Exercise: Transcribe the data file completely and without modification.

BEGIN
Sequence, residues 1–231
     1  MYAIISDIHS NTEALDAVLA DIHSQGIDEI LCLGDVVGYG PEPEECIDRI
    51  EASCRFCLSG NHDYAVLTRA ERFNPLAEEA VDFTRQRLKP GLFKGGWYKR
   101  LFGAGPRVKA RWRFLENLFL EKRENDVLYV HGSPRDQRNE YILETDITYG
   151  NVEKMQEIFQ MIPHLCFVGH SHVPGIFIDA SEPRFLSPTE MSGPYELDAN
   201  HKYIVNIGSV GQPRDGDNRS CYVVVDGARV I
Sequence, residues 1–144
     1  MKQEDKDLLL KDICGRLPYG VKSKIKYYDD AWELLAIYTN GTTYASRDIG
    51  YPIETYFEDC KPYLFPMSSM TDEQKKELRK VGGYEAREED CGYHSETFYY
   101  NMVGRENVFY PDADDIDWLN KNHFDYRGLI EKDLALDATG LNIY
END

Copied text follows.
Sequence, residues 1–231
     1  MYAIISDIHS NTEALDAVLA DIHSQGIDEI LCLGDVVGYG PEPEECIDRI
    51  EASCRFCLSG NHDYAVLTRA ERFNPLAEEA VDFTRQRLKP GLFKGGWYKR
   101  LFGAGPRVKA RWRFLENLFL EKRENDVLYV HGSPRDQRNE YILETDITYG
   151  NVEKMQEIFQ MIPHLCFVGH SHVPGIFIDA SEPRFLSPTE MSGPYELDAN
   201  HKYIVNIGSV GQPRDGDNRS CYVVVDGARV I
Sequence, residues 1–144
     1  MKQEDKDLLL KDICGRLPYG VKSKIKYYDD AWELLAIYTN GTTYASRDIG
    51  YPIETYFEDC KPYLFPMSSM TDEQKKELRK VGGYEAREED CGYHSETFYY
   101  NMVGRENVFY PDADDIDWLN KNHFDYRGLI EKDLALDATG LNIY